(Already know the basics of coffee processing? Skip straight to Why Choose Honey Processing!)
Coffee processing is the removal of the flesh of the coffee cherry from the seeds, or “beans”, inside. There are normally two beans per cherry, but 5% contain only one large bean: a peaberry.
It’s extremely hard to remove the flesh of the cherry, which has several layers, without machinery and/or significant time and labor. The most common processing methods are natural/dry and washed/wet.
Natural/dry processing requires leaving the coffee cherries out in the sun to dry for a long period, before using machinery to hull the flesh off. Since it’s in the fruit for so long, this creates a fruity and sweet profile. However, quality control is a challenge.
Washed/wet processing, on the other hand, involves leaving the cherries in water to ferment, loosening the flesh, before using machinery to pulp them. This will typically produce a cleaner, brighter taste in the cup.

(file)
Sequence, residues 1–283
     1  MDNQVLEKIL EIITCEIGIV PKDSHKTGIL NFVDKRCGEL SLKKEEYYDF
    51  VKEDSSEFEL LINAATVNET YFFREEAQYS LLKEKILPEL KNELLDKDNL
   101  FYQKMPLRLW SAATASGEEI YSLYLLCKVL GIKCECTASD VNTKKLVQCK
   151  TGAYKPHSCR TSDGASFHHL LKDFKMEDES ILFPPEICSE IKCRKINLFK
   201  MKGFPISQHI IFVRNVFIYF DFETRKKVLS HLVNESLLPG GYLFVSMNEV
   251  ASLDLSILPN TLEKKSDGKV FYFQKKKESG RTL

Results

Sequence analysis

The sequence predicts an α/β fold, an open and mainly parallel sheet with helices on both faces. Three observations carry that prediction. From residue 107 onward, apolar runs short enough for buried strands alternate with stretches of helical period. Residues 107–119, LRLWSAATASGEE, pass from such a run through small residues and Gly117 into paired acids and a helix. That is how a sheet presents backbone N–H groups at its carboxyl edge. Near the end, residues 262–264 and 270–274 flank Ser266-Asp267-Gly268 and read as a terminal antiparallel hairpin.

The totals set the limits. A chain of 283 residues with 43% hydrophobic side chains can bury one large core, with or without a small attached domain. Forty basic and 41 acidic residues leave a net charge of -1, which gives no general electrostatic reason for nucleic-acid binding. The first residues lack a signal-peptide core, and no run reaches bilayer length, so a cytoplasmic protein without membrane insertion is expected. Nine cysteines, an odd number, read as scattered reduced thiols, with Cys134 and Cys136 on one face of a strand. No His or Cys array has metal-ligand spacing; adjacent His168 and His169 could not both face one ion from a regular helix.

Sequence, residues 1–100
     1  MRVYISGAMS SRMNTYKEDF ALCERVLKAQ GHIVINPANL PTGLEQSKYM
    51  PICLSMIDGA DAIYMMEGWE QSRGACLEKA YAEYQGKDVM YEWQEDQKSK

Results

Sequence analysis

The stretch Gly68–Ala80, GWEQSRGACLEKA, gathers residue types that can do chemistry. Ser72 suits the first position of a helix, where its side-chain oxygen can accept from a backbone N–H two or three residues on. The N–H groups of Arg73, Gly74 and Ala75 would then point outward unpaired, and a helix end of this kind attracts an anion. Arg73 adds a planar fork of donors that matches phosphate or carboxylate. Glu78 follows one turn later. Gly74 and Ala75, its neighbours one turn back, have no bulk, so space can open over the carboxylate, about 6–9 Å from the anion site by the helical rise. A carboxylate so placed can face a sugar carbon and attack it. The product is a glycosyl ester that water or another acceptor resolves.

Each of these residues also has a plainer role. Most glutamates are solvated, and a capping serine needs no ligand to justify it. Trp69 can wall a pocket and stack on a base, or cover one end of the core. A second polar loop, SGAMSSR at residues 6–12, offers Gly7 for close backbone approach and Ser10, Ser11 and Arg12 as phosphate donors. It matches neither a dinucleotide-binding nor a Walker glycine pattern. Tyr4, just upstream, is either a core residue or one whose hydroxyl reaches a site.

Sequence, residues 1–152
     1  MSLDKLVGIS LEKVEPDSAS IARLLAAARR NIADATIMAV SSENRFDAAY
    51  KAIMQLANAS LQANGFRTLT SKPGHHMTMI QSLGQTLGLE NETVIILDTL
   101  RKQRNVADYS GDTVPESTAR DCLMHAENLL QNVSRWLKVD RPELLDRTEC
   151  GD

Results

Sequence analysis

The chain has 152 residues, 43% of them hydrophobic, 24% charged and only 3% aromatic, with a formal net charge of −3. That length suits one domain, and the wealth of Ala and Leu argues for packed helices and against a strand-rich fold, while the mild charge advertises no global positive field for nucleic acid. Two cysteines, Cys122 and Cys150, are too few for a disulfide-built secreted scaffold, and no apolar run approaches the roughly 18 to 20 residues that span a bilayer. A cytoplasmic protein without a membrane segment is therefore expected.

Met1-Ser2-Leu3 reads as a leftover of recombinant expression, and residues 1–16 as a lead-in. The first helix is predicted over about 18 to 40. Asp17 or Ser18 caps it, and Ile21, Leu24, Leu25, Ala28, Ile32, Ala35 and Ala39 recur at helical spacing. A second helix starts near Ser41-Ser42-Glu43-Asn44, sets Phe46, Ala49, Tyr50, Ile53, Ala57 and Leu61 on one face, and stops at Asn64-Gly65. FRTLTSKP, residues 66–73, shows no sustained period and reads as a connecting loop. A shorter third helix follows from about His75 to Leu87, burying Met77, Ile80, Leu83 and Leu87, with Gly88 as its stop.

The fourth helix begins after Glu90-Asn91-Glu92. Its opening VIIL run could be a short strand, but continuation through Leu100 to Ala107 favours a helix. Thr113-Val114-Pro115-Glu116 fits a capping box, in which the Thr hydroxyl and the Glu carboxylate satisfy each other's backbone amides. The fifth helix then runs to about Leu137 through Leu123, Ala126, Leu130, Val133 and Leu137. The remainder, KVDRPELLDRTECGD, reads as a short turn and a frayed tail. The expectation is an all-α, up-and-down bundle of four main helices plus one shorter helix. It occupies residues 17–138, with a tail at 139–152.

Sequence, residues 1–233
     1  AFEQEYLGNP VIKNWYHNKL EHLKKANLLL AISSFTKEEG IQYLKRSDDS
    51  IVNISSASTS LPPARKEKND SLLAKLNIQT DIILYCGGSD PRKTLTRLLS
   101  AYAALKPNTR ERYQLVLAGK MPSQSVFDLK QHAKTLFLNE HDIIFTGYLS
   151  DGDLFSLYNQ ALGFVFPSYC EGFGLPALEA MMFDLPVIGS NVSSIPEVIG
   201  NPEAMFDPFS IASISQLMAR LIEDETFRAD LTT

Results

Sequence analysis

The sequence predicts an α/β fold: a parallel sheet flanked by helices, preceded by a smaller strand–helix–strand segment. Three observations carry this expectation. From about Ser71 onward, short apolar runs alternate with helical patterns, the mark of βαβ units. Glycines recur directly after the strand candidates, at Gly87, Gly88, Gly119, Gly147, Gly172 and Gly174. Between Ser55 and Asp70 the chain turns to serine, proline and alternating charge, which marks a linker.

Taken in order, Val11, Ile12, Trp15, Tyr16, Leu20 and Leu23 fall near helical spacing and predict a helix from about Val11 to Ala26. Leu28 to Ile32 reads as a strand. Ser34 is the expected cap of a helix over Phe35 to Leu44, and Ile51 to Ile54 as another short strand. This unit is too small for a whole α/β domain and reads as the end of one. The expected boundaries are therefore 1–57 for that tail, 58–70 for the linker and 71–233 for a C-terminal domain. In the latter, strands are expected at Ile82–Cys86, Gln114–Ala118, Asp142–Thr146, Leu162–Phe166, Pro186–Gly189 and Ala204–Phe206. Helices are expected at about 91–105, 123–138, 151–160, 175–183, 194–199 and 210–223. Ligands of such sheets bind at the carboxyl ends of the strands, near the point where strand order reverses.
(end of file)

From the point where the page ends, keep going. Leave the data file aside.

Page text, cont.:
Then you have honey and pulped natural processing, which are growing in popularity. With these methods, part of the cherry flesh is removed and then the seeds are left to dry. They are known for their great sweetness and body.
In certain regions, you’ll also find specific local processing methods (e.g. wet hulling in Indonesia, double fermentation in East Africa). And then there are an array of experimental methods, which have the potential to significantly improve coffee quality – but come with a risk.
Why Choose Honey Processing?
Washed coffee offers a clean and consistent cup of coffee. However, we would need to invest time and money in order to construct a wet mill. With our wet mill under construction and the coffee cherries turning red, we had to make a decision. We could either outsource our wet milling or figure out a way to process it ourselves.